In that 2007 decision, the Supreme Court ruled that the retributive purpose of capital punishment was not well served where “the prisoner’s mental state is so distorted by a mental illness that his awareness of the crime and punishment has little or no relation to the understanding of those concepts shared by the community as a whole.”

Panetti had built on a 1986 Supreme Court decision, Ford v. Wainwright, which held that the Eighth Amendment bars the death penalty for those who are mentally incompetent at the time of execution.

In Dunn v. Madison, Alabama appealed the 11th Circuit’s habeas decision to the high court. In an unsigned opinion on Nov. 6, 2016, a majority of the court said the Alabama trial court “did not unreasonably apply Panetti and Ford when it determined that Madison was competent to be executed because—notwithstanding his memory loss—he recognizes that he will be put to death as punishment for the murder he was found to have committed.”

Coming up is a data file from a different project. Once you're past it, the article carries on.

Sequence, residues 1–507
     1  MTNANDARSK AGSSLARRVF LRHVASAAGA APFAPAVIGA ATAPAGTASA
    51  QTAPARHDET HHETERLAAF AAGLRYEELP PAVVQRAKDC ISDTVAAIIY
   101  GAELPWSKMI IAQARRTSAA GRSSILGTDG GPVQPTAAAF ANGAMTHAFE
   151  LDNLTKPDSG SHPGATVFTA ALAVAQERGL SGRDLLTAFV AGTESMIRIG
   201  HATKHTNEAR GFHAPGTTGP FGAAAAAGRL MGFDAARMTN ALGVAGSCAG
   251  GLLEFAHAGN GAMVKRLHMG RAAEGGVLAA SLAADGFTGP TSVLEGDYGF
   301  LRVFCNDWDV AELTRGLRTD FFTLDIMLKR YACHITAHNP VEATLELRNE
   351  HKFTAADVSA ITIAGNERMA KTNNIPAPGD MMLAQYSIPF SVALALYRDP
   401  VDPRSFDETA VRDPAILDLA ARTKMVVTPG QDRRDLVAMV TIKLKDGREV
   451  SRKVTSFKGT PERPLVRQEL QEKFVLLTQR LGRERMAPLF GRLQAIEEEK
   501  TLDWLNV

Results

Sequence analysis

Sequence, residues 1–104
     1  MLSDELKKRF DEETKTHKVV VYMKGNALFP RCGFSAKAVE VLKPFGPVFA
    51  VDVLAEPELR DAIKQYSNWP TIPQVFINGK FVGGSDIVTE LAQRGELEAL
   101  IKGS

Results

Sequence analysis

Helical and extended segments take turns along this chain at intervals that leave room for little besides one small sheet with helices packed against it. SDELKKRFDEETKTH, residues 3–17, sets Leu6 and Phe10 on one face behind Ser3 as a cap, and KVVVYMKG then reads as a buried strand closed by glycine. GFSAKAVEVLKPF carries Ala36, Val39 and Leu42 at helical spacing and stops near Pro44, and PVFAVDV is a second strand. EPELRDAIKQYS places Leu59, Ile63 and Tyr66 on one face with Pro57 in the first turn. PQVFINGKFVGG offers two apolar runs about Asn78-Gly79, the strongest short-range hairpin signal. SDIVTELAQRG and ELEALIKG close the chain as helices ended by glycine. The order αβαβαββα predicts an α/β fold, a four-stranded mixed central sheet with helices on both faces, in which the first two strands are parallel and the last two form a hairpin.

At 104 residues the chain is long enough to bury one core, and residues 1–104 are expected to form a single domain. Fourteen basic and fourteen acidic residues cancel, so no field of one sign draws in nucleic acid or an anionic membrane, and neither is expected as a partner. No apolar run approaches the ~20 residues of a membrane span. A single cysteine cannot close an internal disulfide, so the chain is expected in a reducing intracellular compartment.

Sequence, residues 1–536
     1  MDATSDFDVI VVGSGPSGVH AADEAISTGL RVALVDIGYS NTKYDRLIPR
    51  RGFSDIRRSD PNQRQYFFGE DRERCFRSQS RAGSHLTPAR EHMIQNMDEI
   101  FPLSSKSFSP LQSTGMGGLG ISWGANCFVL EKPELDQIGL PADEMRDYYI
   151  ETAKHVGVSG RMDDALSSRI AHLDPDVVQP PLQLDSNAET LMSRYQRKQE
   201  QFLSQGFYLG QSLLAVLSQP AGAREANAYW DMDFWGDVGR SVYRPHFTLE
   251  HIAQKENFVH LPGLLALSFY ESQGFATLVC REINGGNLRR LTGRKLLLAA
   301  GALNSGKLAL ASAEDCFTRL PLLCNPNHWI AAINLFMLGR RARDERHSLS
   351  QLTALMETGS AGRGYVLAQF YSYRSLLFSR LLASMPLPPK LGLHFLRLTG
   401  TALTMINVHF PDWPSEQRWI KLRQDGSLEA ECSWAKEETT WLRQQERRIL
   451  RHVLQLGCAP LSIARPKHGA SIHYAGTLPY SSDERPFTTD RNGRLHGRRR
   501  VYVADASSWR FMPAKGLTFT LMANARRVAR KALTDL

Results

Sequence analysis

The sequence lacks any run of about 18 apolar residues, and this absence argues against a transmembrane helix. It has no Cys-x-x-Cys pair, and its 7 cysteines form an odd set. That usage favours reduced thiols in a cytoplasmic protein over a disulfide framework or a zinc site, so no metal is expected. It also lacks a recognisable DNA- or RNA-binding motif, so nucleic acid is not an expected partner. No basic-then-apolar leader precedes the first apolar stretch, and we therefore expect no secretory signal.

The high court held in the per curiam decision in Dunn v. Madison that Madison could get no habeas relief under AEDPA’s deferentialstandard, though it said it was expressing no view on the merits of the underlying question outside the context of AEDPA.

This is the decision in which Ginsburg and Breyer issued their concurrences suggesting, respectively, that a case in an appropriate posture that presented the question about competency would warrant review, and the aging death row population was a cause for concern.